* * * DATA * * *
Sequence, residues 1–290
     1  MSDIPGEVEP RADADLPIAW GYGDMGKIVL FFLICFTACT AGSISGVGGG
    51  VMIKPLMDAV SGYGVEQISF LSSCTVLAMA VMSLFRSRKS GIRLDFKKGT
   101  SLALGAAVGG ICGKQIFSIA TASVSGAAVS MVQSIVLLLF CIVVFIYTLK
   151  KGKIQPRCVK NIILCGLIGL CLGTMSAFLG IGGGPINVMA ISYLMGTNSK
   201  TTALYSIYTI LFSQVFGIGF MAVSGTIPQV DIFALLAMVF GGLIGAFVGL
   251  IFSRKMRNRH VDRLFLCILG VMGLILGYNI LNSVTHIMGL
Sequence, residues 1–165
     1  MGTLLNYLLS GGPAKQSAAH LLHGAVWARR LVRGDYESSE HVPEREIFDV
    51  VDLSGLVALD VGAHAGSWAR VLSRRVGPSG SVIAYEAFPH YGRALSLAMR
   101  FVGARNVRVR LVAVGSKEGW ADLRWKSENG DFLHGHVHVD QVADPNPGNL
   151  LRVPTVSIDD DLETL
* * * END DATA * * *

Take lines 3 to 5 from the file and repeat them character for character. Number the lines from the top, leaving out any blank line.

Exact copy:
    51  VMIKPLMDAV SGYGVEQISF LSSCTVLAMA VMSLFRSRKS GIRLDFKKGT
   101  SLALGAAVGG ICGKQIFSIA TASVSGAAVS MVQSIVLLLF CIVVFIYTLK
   151  KGKIQPRCVK NIILCGLIGL CLGTMSAFLG IGGGPINVMA ISYLMGTNSK